Sunday, 30 March 2008

Sooo, How Are You? With Those Things That You Do And That Life That You Live And Stuff?

There are few things as likely to throw me completely off balance as someone walking towards me smiling, waving and saying my name.
I hate running into people when I'm not expecting them.
Drives me nuts.

Don't get me wrong, I love my friends and family and assorted associates but I suffer from what I like to call Context Recognition Dyslexia.

If I only ever knew you from Uni I'd better damn well only see you in Uni.
If I know you from work and you suddenly come towards me in a CD store waving, things will not go well.
If we hang out in Melbourne, God forbid you should try to attract my attention in Bendigo.
Not because I am going to be rabidly angry with you for trying to escape your category in my brain but because outside of the scope of that category I will honestly sometimes have no idea who you are for a good five minutes without prompting.
You'll look vaguely familiar, I will know that I know you but I will be entirely unable to remember how or why.

At this point I will usually attempt to probe you for information using detail-lite, generic questions. If one of these questions throws up a nugget of data that my brain can immediately attribute to you, you will suddenly come into focus like a Magic Eye puzzle and I will recognise you. At this point I will get infinitely more chatty.

Case Study
A couple of years ago I was working a coffee job near Flinders Street station in Melbourne, I had just got off my shift and was gleefully on my way to hit the local secondhand book store, when I heard someone calling my name. I looked around and some short-haired girl walking with a bespectacled woman and a gangly boy was madly waving and grinning at me. I tentatively waved back but it wasn't until she got close enough for me to hear her voice that I recognised her. It was my best friend, her mother and her brother. I had known these people for EIGHT YEARS! I could recite her entire life history, sketch a basic life cycle of her many many haircut experiments and tell you stories of such surpassing embarrassment about her that you would probably cringe. I know her and her family only marginally less intimately than my own family and I didn't recognise her because I never see her in the city, at least not without arranging ahead.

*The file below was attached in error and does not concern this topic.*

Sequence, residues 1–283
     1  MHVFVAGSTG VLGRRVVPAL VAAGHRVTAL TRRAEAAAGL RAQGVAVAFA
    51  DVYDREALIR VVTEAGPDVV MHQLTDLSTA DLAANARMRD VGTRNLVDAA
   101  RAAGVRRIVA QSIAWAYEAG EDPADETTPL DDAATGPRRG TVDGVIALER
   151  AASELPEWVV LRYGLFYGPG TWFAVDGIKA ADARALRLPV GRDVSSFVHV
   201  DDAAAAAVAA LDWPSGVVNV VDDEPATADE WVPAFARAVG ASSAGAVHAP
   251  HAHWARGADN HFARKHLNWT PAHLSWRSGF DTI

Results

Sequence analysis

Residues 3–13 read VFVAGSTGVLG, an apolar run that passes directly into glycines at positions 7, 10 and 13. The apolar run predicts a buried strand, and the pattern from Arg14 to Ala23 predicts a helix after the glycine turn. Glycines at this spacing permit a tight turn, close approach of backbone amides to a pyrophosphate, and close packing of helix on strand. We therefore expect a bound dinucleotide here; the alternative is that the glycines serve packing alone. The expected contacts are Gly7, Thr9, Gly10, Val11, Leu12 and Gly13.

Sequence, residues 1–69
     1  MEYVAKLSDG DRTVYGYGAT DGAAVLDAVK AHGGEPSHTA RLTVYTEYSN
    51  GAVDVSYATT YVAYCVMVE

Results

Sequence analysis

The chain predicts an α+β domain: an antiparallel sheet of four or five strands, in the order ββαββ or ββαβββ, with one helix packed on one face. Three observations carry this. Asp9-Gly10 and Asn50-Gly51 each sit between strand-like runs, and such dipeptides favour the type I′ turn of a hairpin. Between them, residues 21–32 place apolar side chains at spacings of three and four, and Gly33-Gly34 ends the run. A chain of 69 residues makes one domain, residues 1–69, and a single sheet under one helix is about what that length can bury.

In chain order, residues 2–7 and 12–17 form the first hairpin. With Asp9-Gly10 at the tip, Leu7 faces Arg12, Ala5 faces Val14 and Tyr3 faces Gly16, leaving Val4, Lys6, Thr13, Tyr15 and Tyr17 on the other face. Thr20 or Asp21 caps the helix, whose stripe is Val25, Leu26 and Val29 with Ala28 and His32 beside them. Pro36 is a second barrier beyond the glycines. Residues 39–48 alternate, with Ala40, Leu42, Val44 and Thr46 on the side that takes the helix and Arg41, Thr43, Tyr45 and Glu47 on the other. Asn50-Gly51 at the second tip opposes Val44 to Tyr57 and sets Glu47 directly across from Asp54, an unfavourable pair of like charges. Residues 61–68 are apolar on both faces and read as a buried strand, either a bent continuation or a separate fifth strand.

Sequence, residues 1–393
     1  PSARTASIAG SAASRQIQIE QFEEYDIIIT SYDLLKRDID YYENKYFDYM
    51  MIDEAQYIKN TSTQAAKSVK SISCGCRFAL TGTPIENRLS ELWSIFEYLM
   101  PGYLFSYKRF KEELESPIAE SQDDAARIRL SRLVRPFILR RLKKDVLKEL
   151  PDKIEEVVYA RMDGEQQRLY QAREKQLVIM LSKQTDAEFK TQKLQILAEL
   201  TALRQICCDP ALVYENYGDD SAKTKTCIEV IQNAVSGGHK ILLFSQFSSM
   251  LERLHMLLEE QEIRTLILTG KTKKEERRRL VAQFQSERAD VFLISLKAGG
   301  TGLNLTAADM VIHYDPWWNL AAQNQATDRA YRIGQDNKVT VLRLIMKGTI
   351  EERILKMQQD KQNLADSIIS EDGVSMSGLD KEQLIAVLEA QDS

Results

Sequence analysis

Which links in nicely to the time I almost didn't recognise my own cousin standing next to me on the train platform because I never see him at train stations...

I expect it's some form or other of Prosopagnosia, 'the inability to recognise faces', though nothing that severe.
I recognise faces, emotions, remember people - but only for about two years without repeated re-exposure before they are purged from the memory banks, with a few exceptions - but step outside of my context for you, get a haircut, change your weight or even your clothes and you may find me blinking at you in polite bewilderment.

Strangely enough I might have entirely forgotten your face after not having seen you for three years but I will remember every story I ever heard from or about you after very little prompting.
This has lead to conversations such as...
"Who was that?"
"Sarah, you know Sarah,"
*sigh* "She was going out with that fire-breathing guy...
"Oh right, the one who sold ecstasy on the side and burnt off his eyebrows that time... And her sister was pregnant last time we spoke and we were wondering if she was going to name this one something as awful as Moonshine Illuria or whether she'd overcompensate and name it John or Jane. And she always had that gross dribbly nose because she wouldn't admit that she was allergic to cats and kept like twelve of them until the RSPCA came round and had a word..."

It's not all bad though, on occasion people I haven't recognised easily have been dissuaded from reestablishing regular contact and I have later recalled who they were and made sure to thank any passing deities for their timely intervention.
It saves me the trouble of having to tell them to bugger off the old fashioned way.